MY EARLIEST liturgical memory is of kneeling in church on a faded blue hassock beside my mother, as we joined in an abbreviated form of matins at St James’s, Muswell Hill, in north London.
St James’s, these days, is a beacon of conservative Evangelicalism: male clergy sport the smartest casual, and the women’s ministers are listed below the operations manager and other support staff. The St James’s of my childhood was dominated by the BCP. On Sundays, there was an 8 a.m. holy communion, with a 7 a.m. at Christmas and Easter, surplice and stole, north end. Then, matins at 11 and evensong at 6, the English Hymnal and a splendid robed choir under H. R. Bate, the father of Jennifer Bate (obituary).
St James’s provided my basic Christian formation. From our pew, I looked up to the east window, which was dominated by a huge red-robed Christ in majesty. I thought it was God watching my every move. I have never lost the rhythms of, “We have erred and strayed from thy ways like lost sheep . . . we have done those things which we ought not to have done.” Simple, monosyllabic words of prayer go in deep.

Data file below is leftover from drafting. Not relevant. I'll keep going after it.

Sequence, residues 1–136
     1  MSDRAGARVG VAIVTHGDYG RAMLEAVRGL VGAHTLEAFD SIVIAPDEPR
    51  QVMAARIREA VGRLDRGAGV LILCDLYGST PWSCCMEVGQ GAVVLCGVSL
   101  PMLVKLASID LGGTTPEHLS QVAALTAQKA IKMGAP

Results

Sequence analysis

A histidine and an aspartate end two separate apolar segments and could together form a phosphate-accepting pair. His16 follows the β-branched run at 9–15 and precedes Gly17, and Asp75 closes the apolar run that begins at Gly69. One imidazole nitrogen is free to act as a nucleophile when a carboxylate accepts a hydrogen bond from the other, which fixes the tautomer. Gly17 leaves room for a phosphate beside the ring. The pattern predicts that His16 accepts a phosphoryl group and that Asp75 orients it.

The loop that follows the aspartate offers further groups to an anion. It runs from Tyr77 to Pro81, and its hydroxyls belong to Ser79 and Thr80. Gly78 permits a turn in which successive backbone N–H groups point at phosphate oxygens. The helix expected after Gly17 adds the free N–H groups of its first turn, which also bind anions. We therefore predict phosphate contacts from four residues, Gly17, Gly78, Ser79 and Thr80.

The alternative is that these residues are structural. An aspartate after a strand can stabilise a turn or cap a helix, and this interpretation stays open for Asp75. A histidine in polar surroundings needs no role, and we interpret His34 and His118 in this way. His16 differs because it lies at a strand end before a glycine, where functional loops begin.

I can’t remember when I graduated to grown-up matins (full choir, Sumsion’s Te Deum in G, congregational psalm-singing), but I have a vague recollection of the Easter Anthems’ replacing the Venite on Easter Day. Originally part of a separate service, they were moved to this position in the 1552 Prayer Book, and are a mini-anthology of verses from 1 Corinthians 5, 15, and Romans 6. I had no idea, at the time, what the words meant, only that they communicated Easter joy and hope in abundance.
The Easter Anthems survived further liturgical change and are now part of Common Worship morning prayer in Eastertide. They remind us that authentic Christian hope outlasts and out-sings our human lamenting, no matter how profound and appropriate that lamenting may be. This Easter has inevitably seemed low key, with no sacramental participation and only canned music. But, for once, the season of Eastertide has not seemed an afterthought. In worrying times, the good news needs extra time to be absorbed. In quietness and withdrawal, we can still relish the tone of victory in the Easter Anthems.
My childhood self recognised what my adult self sometimes forgets: the faith is bigger than our experience of it. Today and tomorrow, the risen Christ still calls us, small, sinful, and reluctant as we are, lost sheep as we may be. But, in all the losses and uncertainties of these weeks, we need not lose hope. Christ our Passover has been sacrificed for us; so let us celebrate the feast.